poem index

sign up to receive a new poem-a-day in your inbox

About this poet

January Gill O’Neil was born in Norfolk, Virginia, and received a BA from Old Dominion University and an MFA from New York University. She is the author of Misery Islands (CavanKerry Press, 2014), winner of a 2015 Paterson Award for Literary Excellence, and Underlife (CavanKerry Press, 2009). She has received fellowships from Cave Canem and the Barbara Deming Memorial Fund. The executive director of the Massachusetts Poetry Festival, O’Neil also serves on the Association of Writers and Writing Programs’ board of directors and teaches at Salem State University. She lives in Beverly, Massachusetts.

Early Memory

I remember picking up a fistful 
of sand, smooth crystals, like hourglass sand 
and throwing it into the eyes of a boy. Johnny
or Danny or Kevin—he was not important. 
I was five and I knew he would cry.

I remember everything about it—
the sandbox in the corner of the room
at Cinderella Day Care; Ms. Lee,
who ran over after the boy wailed for his mother,
her stern look as the words No snack formed on her lips.
My hands with their gritty, half-mooned fingernails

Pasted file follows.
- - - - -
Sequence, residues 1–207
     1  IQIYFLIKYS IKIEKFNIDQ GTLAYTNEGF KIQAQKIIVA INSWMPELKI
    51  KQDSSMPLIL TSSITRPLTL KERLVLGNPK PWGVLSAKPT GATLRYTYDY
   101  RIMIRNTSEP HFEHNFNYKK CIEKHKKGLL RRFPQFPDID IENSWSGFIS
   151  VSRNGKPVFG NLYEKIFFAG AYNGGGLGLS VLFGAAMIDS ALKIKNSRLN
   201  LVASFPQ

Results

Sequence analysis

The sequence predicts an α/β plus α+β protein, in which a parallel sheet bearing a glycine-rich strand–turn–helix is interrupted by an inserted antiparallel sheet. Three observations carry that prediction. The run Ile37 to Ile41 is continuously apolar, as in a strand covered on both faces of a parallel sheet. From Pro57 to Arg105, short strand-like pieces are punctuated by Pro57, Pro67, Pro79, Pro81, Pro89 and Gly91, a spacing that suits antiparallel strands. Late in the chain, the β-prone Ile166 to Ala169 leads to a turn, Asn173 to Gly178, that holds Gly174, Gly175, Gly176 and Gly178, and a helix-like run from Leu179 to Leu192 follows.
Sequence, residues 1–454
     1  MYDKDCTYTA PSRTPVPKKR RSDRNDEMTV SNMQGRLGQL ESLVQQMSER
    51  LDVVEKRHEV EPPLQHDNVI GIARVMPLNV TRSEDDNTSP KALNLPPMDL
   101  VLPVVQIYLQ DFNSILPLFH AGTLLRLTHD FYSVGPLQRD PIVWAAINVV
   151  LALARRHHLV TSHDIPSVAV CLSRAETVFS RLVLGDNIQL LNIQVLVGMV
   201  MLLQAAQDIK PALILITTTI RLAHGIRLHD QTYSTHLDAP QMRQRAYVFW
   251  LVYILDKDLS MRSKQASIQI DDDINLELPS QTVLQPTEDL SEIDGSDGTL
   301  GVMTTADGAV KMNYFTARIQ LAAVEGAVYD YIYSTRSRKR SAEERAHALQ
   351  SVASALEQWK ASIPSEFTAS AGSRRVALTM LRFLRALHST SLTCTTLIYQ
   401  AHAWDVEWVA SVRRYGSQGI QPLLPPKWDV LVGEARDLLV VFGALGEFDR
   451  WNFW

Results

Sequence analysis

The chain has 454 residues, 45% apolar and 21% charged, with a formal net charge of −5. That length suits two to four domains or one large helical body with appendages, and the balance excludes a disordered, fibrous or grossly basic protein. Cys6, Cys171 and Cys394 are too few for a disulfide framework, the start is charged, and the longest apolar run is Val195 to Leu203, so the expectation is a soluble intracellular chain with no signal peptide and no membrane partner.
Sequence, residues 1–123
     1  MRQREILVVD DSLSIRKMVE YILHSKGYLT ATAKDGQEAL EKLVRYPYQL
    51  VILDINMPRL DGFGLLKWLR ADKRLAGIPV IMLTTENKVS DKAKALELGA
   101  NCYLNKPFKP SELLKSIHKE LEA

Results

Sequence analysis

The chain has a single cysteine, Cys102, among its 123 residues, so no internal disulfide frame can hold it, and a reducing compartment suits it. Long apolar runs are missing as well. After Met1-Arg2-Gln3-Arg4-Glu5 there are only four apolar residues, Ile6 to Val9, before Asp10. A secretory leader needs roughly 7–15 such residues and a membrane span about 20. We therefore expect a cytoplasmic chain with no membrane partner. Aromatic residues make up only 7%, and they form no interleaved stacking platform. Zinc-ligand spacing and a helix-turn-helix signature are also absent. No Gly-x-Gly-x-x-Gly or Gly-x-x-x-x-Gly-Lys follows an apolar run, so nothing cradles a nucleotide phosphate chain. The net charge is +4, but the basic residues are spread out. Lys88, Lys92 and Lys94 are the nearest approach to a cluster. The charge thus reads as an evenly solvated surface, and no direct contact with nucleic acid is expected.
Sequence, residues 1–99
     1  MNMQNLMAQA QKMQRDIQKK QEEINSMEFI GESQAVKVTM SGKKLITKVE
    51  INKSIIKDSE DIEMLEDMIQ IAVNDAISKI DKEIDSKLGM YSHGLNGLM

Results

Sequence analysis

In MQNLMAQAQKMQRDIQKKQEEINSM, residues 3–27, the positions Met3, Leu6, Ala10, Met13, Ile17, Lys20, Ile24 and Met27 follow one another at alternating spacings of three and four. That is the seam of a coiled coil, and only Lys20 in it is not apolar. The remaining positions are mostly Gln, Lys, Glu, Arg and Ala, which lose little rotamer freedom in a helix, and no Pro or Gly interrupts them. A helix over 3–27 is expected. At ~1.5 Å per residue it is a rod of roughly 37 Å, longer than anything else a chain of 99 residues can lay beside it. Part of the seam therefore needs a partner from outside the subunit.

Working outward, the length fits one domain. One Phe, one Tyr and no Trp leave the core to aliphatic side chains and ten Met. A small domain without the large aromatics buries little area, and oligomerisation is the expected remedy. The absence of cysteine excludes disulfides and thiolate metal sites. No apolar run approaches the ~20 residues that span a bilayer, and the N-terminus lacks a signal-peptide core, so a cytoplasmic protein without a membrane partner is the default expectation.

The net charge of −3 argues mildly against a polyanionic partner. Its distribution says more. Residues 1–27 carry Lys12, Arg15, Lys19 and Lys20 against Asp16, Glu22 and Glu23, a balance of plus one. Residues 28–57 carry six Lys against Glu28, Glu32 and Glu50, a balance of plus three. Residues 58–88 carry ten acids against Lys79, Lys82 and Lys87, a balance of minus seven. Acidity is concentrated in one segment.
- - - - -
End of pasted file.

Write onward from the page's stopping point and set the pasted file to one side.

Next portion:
I hid in the pockets of my blue and white dress.
How she found them and uncurled small sandy fists.   

There must have been such rage in me, to give such pain
to another person. This afternoon, 
I saw a man pull a gold chain off the neck
of a woman as she crossed the street. 
She cried out with a sound that bleached me. 
I walked on, unable to help, 
knowing that fire in childhood
clenched deep in my pockets all the way home.

From Underlife by January Gill O'Neil. Copyright © 2010 by January Gill O'Neil. Used by permission of CavanKerry Press.

From Underlife by January Gill O'Neil. Copyright © 2010 by January Gill O'Neil. Used by permission of CavanKerry Press.

January Gill O'Neil

January Gill O'Neil

January Gill O’Neil is the author of Misery Islands (CavanKerry Press, 2014), winner of a 2015 Paterson Award for Literary Excellence, and Underlife (CavanKerry Press, 2009). She lives in Beverly, Massachusetts.

by this poet

poem
After stepping into the world again,
there is that question of how to love, 
how to bundle yourself against the frosted morning—
the crunch of icy grass underfoot
poem
No one believes in you
like I do. I sit you down on the table
& they overlook you for
fried chicken & grits, 
crab cakes & hush puppies, 
black-eyed peas & succotash 
& sweet potatoes & watermelon.

Your stringy, slippery texture
reminds them of the creature
from the movie Aliens
poem
Start with your own body,
the small bones of the hands
moving toward the inlets of the fingers.

Wanting it too much invites haste.
You must love what is raw
and hungered for.

Think of the crab cake as the ending,
as you till away at the meat, digging for
errant shells and jagged edges.

Always, it’s a matter of